[Pharo-project] glamour and pharo

Lukas Renggli renggli at gmail.com
Mon Jan 2 14:18:59 CET 2012


>> and fork from Pharo 1.3? I guess this is only
>> way, because with the inclusion of RB into Pharo 1.4 people that want
>> to use the original version and everything that depends on it (maybe
>> this is just me?) are locked out.
>
> Not totally true :). I could merge the code each time you publish a new version but this is tedious.
> So how do we collaborate? :).
> First I will update the RB version.

I looked at the ConfigurationOfRefactoringEngine today, and I could
not figure out how to update it:

- There is now a package Refactoring-Pharo-Platform that should be
loaded together with Refactoring-Core.

- There seems to be some code moved between the packages in Pharo 1.4,
so I don't see how the head can be merged with that code.

- There are parts for GemStone and Squeak in the configuration, that I
don't know how to deal with.

> You see it works with zinc and zinc is even more central because sometimes I cannot update the system anymore :).

Zinc is something else. Zinc is a clean replacement for HTTPSocket. It
is backward compatible by providing the old and ugly HTTPSocket
interface.

The refactoring engine is something entirely new that you think you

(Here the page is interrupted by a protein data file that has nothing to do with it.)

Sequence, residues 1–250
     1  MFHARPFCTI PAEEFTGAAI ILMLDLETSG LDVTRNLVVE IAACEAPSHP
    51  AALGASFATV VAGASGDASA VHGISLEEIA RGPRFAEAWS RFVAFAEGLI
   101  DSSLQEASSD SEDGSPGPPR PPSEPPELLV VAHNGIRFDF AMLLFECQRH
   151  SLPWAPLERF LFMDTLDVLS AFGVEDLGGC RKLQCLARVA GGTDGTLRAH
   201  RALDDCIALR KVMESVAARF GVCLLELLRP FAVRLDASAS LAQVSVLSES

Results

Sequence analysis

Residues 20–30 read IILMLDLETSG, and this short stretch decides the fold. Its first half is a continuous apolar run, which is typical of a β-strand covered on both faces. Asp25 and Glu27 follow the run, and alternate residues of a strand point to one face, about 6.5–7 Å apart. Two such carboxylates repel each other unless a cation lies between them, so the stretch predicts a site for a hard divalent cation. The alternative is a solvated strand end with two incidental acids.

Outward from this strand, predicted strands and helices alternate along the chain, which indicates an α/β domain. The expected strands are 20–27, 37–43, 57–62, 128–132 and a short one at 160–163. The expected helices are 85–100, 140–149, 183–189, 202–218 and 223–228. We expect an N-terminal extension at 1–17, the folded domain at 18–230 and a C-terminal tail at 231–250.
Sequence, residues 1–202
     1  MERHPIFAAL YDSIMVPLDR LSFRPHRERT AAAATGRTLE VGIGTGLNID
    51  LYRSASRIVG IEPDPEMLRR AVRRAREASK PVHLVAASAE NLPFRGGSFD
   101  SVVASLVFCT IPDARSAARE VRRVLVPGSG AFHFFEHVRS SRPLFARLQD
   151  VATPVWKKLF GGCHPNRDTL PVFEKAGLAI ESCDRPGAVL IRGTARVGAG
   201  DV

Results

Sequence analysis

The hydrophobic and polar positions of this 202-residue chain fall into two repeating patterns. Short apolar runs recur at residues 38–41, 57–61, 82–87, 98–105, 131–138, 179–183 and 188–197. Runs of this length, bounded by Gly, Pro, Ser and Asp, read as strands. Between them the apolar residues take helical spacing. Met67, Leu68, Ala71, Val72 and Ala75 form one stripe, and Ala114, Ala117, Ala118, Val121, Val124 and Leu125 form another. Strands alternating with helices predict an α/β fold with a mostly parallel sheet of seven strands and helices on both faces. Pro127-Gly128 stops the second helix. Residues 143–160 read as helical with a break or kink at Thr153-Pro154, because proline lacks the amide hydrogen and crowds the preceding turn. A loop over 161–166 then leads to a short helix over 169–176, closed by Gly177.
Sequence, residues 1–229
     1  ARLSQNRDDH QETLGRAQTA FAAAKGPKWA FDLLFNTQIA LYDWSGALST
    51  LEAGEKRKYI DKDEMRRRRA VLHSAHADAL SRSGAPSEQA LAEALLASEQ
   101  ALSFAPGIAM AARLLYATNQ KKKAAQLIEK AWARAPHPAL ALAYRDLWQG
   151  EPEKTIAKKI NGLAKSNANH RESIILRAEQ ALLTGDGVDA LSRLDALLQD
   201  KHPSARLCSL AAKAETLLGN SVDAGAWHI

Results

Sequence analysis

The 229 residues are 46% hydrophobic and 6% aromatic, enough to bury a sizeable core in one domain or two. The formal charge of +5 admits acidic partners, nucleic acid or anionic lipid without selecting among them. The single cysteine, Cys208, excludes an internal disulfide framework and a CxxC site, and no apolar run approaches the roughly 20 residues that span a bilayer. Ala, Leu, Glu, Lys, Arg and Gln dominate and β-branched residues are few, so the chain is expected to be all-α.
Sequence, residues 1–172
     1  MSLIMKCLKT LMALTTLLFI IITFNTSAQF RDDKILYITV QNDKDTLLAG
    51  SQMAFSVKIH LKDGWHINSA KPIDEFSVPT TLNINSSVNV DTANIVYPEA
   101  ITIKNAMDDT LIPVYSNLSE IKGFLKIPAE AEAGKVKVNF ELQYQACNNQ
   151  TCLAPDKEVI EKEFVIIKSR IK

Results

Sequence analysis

might want to use in the future for remote images. Now that sounds to
me more like a research project that should be done aside, without
inflicting on the current development. As discussed previously, I
don't think that the refactoring engine provides the right model for
this task; but should it turn out otherwise, why not adapt it at that
time? Also I don't see why Pharo would want to have remote editing
functionality in all images. Shouldn't that better be a completely
separate project?

This leads me to the question: Did anybody ever sketch an architecture
of where Pharo should be heading to? I created a simplified one based
on my own understanding of the current proposals: http://bit.ly/vpnAf1
(Google Docs).

I think Pharo should concentrate only one the blue squares, eventually
only on the dark-blue one. Everything else should be a distribution on
top. Kernel developers might want/need to use a distribution on top of
the kernel themselves. Although it has been argued in the past that
this doesn't work, I don't see a reason why not. In any other open
source project (i.e. a Linux kernel hacker might as well use Emacs or
Gnome, even if they are not part of the kernel) people work like this,
why not in Pharo too?

Lukas

-- 
Lukas Renggli
www.lukas-renggli.ch



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